The impact of gender on survival amongst patients with implantable cardioverter defibrillators for primary prevention against sudden cardiac death.

Research paper by N N NN Henyan, C M CM White, E L EL Gillespie, K K Smith, C I CI Coleman, J J Kluger

Indexed on: 17 Oct '06Published on: 17 Oct '06Published in: Journal of Internal Medicine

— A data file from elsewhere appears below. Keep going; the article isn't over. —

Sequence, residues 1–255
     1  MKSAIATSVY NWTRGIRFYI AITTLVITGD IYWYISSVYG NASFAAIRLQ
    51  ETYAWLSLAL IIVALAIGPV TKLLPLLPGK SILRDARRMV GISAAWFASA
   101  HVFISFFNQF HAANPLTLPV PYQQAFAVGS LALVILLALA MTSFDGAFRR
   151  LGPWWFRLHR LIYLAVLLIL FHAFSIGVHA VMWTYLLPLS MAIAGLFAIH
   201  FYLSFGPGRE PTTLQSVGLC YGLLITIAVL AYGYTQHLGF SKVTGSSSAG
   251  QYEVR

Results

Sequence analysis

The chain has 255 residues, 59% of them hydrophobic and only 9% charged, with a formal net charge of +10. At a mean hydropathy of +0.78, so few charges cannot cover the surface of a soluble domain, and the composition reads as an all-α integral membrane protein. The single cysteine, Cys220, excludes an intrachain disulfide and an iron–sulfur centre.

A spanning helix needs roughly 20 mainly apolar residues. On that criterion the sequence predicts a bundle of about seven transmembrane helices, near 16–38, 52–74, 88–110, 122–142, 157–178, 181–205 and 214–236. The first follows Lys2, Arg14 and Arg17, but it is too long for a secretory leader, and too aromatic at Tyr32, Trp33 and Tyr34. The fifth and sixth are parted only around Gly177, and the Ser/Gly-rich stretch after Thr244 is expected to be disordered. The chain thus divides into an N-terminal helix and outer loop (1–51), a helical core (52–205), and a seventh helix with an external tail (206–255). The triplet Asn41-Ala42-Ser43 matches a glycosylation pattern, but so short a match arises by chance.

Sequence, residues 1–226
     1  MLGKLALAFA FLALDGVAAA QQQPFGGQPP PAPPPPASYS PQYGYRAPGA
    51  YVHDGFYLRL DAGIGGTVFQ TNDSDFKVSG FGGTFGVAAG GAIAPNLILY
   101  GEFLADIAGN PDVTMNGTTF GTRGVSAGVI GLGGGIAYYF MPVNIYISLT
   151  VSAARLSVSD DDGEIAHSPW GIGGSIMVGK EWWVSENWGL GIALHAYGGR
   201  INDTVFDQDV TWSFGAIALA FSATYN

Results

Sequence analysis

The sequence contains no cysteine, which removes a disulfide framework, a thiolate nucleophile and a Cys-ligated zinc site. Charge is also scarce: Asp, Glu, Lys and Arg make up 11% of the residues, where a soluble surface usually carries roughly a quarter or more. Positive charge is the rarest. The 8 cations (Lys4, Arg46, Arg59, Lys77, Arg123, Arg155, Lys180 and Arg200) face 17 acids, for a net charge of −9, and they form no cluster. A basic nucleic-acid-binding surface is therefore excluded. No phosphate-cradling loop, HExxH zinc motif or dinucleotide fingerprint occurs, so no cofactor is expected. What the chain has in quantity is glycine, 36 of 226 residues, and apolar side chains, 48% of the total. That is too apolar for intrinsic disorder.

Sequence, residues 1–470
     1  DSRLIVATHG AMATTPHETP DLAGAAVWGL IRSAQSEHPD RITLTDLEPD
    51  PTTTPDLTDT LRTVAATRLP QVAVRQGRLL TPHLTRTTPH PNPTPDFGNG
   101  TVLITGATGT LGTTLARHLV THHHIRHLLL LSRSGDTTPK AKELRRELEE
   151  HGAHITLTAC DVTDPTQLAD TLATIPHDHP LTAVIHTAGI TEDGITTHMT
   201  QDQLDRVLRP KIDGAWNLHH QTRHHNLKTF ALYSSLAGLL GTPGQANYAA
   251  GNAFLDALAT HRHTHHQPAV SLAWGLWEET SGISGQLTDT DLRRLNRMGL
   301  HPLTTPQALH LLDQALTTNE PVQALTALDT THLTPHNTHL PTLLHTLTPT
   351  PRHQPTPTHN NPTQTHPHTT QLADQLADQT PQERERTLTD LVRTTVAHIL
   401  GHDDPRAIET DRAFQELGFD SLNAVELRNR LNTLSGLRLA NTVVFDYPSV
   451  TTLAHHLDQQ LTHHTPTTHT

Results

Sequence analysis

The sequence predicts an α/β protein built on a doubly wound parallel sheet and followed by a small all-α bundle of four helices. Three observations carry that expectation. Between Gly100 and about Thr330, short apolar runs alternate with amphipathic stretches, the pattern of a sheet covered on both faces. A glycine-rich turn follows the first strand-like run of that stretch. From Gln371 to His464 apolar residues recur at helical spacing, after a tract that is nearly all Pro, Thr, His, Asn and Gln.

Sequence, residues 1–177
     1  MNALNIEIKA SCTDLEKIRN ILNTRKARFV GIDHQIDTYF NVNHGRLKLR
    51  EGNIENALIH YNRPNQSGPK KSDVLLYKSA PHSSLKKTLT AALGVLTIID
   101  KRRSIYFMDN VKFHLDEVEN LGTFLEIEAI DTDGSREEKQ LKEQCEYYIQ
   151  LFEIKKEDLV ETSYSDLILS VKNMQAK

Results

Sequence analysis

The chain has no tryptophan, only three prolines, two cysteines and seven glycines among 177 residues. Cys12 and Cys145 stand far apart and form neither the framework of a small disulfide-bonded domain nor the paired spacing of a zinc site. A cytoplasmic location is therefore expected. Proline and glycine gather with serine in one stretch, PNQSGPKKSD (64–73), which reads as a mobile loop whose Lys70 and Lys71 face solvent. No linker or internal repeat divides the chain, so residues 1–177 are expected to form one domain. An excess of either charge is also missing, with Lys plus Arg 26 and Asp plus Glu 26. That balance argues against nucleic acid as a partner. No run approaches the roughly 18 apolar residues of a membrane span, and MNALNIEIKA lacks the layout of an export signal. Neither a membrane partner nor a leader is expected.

Implantable cardioverter defibrillators (ICDs) are a life-saving therapy for many patients with cardiovascular disease at increased risk of fatal dysrhythmias. As men comprise the majority of the study population (67-92%) in clinical trials, the benefit to women is unknown. We performed a meta-analysis of primary prevention trials to evaluate the impact of ICDs in men and women on death from any cause.Included trials met the following criteria: (i) randomized controlled trials versus standard of care, (ii) ICD used as primary prevention in a well-described protocol and (iii) data provided on risk of death from any cause for both male and female patients.Five clinical trials were included in this meta-analysis. The risk of death from any cause was significantly reduced by 26% in male patients who received ICD therapy compared to control, hazard ratio (HR) 0.74 (95% CI 0.60-0.91) but not amongst female patients, HR 0.81 (95% CI 0.60-1.09). As the COMPANION trial evaluated the combination of biventricular pacemaker with ICD therapy we conducted a separate analysis without the inclusion of this study. Male patients receiving ICD therapy demonstrated a similar 24% reduction in risk of death from any cause, HR 0.76 (95% CI 0.58-0.99) whilst female patients demonstrated a reduction of only 12%, HR 0.88 (95% CI 0.63-1.22).Unlike their male counterparts, females did not significantly benefit from ICD therapy and without concurrent biventricular pacing, appear only to achieve a nonsignificant 12% reduction in risk of death.

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